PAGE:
I'm re-posting one of my favorites from last year.
One of the most common sentiments you'll hear from parents of children with special needs is that we are not saints or heros.
I'm sure that those labels sound like compliments. I'm sure those of you on the outside would think we'd be proud to be seen in that light.
But the truth of it is, we don't feel like saints or heros. We feel like regular people who struggle and who make mistakes. Many of us faced some serious grief and soul-searching when we learned our child's diagnosis, or when things have felt particularly hard or scary. It's hard to think of yourself as a saint with feelings like that. You don't feel like a hero remembering the fear, the shame, the blame, or the anger.
We struggle every day wondering if our decisions are the best ones for our children. We worry that we aren't doing enough, and then when we do as much as we can muster, we get burnt out and take steps back. We second-guess every medical decision, we worry about milestones even though we know we shouldn't. We will never be the mothers that we think we should be. It's a mother's curse to feel that way, and we are no different from any other self-doubting mother.
But the hardest part about being called a hero is what that says about our children.
When you say that I am a hero, I hear you saying that my child is a burden and that life with her must be such a sacrifice.
When you say that you don't know how I do it or say that you couldn't do what I do, I wonder what it is that you think I do. All parents feel fear, all parents worry for their children. The truth is that you could do it if you had to, and chances are that you will have some significant struggles with your children at some point.
The truth of it is that we are all ordinary parents. We all love our children. We all struggle. Some of the challenges for parents of kids with disabilities may seem more constant or apparent. I won't tell you that those struggles aren't real. But simply living with them doesn't make me a hero.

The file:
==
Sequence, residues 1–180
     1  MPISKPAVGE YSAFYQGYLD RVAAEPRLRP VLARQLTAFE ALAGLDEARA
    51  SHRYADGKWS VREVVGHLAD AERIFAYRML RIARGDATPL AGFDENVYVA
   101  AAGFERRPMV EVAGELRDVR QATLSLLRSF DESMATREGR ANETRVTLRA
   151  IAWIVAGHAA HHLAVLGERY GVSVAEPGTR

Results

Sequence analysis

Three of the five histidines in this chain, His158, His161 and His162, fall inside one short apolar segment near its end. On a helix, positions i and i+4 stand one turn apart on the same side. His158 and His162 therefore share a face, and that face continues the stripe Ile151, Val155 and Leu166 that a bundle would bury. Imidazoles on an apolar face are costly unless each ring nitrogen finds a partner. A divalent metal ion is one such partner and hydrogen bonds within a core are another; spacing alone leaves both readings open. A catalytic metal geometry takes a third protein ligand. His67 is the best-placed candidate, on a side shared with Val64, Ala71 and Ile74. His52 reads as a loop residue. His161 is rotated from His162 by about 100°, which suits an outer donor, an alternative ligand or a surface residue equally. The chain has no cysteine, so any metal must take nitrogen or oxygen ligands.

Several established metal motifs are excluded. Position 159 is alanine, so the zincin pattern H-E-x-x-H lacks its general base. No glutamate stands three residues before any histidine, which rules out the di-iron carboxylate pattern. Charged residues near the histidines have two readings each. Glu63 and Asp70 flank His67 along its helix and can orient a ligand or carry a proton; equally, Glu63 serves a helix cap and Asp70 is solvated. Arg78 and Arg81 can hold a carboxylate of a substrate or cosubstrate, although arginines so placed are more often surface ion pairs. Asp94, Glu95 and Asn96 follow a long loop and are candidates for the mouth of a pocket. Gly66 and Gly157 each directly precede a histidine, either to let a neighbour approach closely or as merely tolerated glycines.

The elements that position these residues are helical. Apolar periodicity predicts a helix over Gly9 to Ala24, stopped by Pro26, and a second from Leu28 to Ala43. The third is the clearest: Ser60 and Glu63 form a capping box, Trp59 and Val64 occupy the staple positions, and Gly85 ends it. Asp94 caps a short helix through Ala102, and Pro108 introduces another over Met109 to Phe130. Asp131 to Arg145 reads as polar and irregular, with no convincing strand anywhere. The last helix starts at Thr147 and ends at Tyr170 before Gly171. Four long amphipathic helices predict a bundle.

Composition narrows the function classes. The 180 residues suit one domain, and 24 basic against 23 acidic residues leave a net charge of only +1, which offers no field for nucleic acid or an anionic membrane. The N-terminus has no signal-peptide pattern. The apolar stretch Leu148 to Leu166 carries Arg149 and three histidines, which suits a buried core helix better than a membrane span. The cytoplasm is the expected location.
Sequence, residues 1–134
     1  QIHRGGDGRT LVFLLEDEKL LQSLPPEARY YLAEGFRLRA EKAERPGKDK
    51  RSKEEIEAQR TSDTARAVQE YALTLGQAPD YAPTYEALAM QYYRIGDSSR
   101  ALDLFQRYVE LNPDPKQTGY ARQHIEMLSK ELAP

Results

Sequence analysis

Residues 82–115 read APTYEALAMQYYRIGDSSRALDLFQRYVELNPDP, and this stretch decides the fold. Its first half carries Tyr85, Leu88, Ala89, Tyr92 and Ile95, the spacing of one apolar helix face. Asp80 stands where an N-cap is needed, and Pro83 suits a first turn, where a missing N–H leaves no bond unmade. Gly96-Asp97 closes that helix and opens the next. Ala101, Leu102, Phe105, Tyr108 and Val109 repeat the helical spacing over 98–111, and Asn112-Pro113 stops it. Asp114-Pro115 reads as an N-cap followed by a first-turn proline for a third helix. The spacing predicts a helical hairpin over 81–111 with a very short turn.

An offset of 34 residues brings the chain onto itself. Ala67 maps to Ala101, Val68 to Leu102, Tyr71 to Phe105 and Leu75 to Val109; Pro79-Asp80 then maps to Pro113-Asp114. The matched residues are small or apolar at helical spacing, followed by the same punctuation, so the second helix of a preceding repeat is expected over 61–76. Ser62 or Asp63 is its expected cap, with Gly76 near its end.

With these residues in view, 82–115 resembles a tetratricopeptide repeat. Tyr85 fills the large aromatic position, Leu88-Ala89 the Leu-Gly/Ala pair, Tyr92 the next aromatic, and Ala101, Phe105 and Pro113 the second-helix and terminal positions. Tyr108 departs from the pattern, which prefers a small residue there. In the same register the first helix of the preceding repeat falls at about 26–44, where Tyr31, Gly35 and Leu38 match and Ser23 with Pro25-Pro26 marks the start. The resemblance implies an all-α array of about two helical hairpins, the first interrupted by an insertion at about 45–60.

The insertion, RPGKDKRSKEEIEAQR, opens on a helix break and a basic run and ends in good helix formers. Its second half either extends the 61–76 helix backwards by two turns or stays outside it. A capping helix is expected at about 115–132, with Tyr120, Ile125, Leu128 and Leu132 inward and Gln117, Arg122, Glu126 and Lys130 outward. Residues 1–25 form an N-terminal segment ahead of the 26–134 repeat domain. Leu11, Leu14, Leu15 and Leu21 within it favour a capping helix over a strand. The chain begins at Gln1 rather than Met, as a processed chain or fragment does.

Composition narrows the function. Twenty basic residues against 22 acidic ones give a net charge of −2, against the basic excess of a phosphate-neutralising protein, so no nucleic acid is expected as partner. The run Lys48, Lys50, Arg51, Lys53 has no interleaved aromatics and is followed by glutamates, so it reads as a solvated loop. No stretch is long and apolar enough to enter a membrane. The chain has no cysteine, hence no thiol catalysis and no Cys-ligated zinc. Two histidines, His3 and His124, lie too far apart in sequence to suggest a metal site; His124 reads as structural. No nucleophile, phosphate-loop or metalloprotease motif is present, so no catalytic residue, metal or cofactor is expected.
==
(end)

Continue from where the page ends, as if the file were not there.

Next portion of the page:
If you want to admire me, admire me for my cooking, my writing, or my laugh. Admire me for sharing something that makes you think differently about the world or the people around you. Admire me for sharing my thoughts and for giving you a glimpse into this beautiful life that I have with an amazing little girl: a girl who deserves way more admiration than I do. I can take that kind of admiration, I guess, even if it makes me a tad uncomfortable.
Because as much as I am an ordinary fallible person full of flaws and fears, worries and demons, I still do believe that I am the perfect mother for Cora. However it works that one soul gets paired with another as a mother and child, the match-up was spot on with us.
Loved this last year and love it even more this year :-)ReplyDelete
Both Adderall and Vyvanse are a central nervous system stimulants. ...The difference between the drugs is Adderall contains amphetamine salts (amphetamine and dextroamphetamine), whereas Vyvanse contains lisdexamfetamine, which the body converts to dextroamphetamine before it is active, meaning it's a "prodrug."ReplyDelete
Vyvanse (lisdexamfetamine) is used to treat attention deficit hyperactivity disorder (ADHD) and binge-eating disorder. Includes Vyvanse side
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Suboxone strips next to the Suboxone box. If you're reading this then you're probably already considering some form of opioid maintenance therapy
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